Create a file called sources.yml inside the models/ directory, and put this inside it:

    version: 2
      - name: jaffle_shop
          - name: raw_customers
                asset_key: ["raw_customers"] # This metadata specifies the corresponding Dagster asset for this dbt source.

This is a standard dbt source definition, with one addition: it includes metadata, under the meta property, that specifies the Dagster asset that it corresponds to. When Dagster reads the contents of the dbt project, it reads this metadata and infers the correspondence. For any dbt model that depends on this dbt source, Dagster then knows that the Dagster asset corresponding to the dbt model should depend on the Dagster asset corresponding to the source.

  1. Then, update the model that depends on the raw_customers seed to instead depend on the source. Replace the contents of model/staging/stg_customers.sql with this:

    with source as (
        Use source instead of seed:
        select * from {{ source('jaffle_shop', 'raw_customers') }}
    renamed as (
            id as customer_id,
        from source
    select * from renamed

Step 4: Materialize the assets using the Dagster UI#

If the Dagster UI is still running from the previous section, click the "Reload Definitions" button in the upper right corner. If you shut it down, then you can launch it again with the same command from the previous section:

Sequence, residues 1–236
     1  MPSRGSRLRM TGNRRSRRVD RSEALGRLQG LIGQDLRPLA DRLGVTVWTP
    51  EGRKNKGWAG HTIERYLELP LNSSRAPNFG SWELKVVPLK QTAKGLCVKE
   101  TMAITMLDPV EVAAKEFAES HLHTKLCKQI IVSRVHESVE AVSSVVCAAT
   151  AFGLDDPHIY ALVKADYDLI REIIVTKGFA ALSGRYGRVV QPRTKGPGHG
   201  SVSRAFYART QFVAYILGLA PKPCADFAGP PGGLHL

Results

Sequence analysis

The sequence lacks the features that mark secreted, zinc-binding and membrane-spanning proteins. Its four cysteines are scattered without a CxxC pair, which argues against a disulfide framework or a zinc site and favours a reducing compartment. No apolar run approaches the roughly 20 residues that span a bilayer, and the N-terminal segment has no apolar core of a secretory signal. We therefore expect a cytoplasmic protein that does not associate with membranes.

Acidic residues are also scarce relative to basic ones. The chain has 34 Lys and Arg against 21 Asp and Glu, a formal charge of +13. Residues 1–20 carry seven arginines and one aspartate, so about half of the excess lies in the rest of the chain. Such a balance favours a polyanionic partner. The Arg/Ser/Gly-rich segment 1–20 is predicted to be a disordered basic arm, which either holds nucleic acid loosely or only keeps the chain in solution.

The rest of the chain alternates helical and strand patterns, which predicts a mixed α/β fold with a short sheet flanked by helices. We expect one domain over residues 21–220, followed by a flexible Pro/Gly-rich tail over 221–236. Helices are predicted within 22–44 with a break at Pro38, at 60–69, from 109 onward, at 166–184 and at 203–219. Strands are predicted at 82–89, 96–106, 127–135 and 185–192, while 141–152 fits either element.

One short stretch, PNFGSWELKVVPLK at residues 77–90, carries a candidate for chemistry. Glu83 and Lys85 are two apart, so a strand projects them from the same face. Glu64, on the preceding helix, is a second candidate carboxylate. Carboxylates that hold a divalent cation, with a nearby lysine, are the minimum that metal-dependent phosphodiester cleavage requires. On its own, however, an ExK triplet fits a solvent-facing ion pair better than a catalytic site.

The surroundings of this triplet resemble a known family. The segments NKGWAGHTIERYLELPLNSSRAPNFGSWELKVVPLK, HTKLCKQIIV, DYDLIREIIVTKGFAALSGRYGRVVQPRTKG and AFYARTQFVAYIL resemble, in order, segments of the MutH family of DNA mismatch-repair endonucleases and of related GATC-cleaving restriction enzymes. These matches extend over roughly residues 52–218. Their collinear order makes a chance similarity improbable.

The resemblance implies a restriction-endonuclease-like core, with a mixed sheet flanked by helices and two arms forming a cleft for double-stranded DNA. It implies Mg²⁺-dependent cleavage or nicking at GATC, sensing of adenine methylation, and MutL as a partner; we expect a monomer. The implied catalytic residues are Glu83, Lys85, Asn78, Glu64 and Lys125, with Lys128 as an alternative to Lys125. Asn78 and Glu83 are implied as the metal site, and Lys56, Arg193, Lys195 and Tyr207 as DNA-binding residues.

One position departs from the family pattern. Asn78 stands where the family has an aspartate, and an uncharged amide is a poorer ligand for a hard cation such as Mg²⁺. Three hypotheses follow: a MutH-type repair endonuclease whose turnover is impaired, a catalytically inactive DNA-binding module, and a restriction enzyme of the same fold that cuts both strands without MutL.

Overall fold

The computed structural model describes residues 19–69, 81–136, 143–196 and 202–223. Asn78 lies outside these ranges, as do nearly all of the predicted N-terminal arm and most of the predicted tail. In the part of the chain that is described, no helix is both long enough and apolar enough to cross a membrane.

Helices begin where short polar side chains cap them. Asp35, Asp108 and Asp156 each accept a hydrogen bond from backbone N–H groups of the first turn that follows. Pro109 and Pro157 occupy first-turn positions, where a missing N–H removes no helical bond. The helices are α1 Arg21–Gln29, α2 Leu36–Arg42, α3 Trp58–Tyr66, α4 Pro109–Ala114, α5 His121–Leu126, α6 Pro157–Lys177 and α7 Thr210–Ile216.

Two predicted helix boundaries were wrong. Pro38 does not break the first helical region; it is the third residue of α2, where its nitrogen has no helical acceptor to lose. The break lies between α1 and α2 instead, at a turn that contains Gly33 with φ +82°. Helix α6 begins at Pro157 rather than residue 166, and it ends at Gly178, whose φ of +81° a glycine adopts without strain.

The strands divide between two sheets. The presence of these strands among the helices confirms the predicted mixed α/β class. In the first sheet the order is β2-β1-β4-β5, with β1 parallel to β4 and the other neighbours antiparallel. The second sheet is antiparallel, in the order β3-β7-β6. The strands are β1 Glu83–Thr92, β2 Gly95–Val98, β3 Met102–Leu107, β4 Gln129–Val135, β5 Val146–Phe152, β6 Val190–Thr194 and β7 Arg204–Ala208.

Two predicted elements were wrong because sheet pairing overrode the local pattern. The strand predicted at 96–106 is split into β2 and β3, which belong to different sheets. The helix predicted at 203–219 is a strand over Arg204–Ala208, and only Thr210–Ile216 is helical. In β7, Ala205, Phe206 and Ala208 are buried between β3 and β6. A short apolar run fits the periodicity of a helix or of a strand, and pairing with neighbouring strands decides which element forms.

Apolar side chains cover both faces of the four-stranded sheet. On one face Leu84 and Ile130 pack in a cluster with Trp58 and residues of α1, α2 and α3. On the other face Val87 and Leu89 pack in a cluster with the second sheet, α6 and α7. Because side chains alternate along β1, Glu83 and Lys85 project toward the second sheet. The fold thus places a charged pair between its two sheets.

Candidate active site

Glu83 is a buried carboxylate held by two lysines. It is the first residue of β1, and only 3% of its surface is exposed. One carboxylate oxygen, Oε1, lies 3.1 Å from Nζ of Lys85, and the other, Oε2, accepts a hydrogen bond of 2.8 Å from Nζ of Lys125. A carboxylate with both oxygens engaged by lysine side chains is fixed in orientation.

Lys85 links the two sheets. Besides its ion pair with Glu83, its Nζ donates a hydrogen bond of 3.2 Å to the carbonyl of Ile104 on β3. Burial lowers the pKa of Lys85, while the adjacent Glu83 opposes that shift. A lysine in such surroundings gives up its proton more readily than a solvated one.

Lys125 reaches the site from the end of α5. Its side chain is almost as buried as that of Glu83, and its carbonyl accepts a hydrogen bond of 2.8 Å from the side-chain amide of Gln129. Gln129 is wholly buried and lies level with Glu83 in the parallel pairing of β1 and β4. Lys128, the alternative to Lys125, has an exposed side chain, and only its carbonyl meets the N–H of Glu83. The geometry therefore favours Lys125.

Our raw_customers model is now defined as a Python asset. We can also see that assets downstream of this new Python asset, such as stg_customers and customers, are now marked stale because the code definition of raw_customers has changed.

Asset group with dbt models and Python asset

Click the Materialize all button. This will launch a run with two steps:

  • Run the raw_customers Python function to fetch data and write the raw_customers table to DuckDB.
  • Run all the dbt models using dbt build, like in the last section.

If you click to view the run, you can see a graphical representation of these steps, along with logs.

Run page for run with dbt models and Python asset

What's next?#

At this point, you've built and materialized an upstream Dagster asset, providing source data to your dbt models. In the last section of the tutorial, we'll show you how to add a downstream asset to the pipeline.